Statistical Methods for Rater and Diagnostic Agreement

This site is a resource for the analysis of agreement among raters, diagnostic tests, observers, judges or experts. It contains background discussion on different methods, examples, references, software, and information on recent methodological developments.


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Basic Considerations

In many fields it is common to study agreement among ratings of multiple judges, experts, diagnostic tests, etc. We are concerned here with categorical ratings: dichotomous (Yes/No, Present/Absent, etc.), ordered categorical (Low, Medium, High, etc.), and nominal (Schizophrenic, Bi-Polar, Major Depression, etc.) ratings. Likert-type ratings--intermediate between ordered-categorical and interval-level ratings, are also considered.

There is little consensus about what statistical methods are best to analyze rater agreement (we will use the generic words "raters" and "ratings" here to include observers, judges, diagnostic tests, etc. and their ratings/results.) To the non-statistician, the number of alternatives and lack of consistency in the literature is no doubt cause for concern. This site aims to reduce confusion and help researchers select appropriate methods for their applications.

Despite the many apparent options for analyzing agreement data, the basic issues are very simple. Usually there are one or two methods best for a particular application. But it is necessary to clearly identify the purpose of analysis and the substantive questions to be answered.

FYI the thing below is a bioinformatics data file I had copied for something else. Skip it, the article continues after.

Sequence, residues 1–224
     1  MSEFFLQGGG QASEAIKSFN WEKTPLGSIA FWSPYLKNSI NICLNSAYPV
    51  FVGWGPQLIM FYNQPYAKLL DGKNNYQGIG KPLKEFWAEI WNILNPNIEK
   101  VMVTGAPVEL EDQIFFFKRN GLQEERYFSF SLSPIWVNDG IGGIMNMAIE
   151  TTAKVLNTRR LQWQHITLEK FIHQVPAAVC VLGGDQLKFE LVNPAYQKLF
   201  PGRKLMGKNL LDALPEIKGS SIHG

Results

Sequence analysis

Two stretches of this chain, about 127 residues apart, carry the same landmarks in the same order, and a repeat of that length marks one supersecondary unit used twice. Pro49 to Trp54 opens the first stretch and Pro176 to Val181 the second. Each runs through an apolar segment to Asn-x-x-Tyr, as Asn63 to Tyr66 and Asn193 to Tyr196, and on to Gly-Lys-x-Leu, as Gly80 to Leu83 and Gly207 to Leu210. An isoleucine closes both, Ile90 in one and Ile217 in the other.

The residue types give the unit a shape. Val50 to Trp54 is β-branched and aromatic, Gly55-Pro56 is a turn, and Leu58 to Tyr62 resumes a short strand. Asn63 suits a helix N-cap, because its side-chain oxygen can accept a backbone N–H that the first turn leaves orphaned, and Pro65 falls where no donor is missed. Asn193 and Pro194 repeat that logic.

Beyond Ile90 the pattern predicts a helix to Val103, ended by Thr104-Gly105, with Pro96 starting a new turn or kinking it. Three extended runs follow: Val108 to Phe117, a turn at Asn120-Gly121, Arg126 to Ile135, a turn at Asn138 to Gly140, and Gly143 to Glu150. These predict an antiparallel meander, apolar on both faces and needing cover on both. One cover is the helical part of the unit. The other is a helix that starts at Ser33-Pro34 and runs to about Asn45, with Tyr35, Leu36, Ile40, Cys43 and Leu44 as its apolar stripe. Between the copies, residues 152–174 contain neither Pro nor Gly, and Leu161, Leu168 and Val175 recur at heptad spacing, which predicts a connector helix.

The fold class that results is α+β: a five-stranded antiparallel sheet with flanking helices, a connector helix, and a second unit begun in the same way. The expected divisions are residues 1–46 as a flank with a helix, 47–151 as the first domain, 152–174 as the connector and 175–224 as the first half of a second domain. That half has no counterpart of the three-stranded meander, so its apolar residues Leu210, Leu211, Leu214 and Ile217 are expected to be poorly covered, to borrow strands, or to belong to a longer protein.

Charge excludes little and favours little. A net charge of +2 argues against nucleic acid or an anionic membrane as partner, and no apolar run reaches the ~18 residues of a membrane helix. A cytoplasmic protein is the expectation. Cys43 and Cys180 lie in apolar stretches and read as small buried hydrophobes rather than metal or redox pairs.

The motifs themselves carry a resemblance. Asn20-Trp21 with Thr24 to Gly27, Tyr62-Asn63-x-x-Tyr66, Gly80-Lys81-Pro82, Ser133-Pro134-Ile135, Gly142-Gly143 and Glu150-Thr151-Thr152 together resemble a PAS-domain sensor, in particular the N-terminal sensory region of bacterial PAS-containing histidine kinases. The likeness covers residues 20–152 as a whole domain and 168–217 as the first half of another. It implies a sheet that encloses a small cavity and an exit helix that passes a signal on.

Know the goals


The most common mistake made when analyzing agreement data is not having a explicit goal. It is not enough for the goal to be "measuring agreement" or "finding out if raters agree." There is presumably some reason why one wants to measure agreement. Which statistical method is best depends on this reason.

For example, rating agreement studies are often used to evaluate a new rating system or instrument. If such a study is being conducted during the development phase of the instrument, one may wish to analyze the data using methods that identify how the instrument could be changed to improve agreement. However if an instrument is already in a final format, the same methods might not be helpful.

Very often agreement studies are an indirect attempt to validate a new rating system or instrument. That is, lacking a definitive criterion variable or "gold standard," the accuracy of a scale or instrument is assessed by comparing its results when used by different raters. Here one may wish to use methods that address the issue of real concern--how well do ratings reflect the true trait one wants to measure?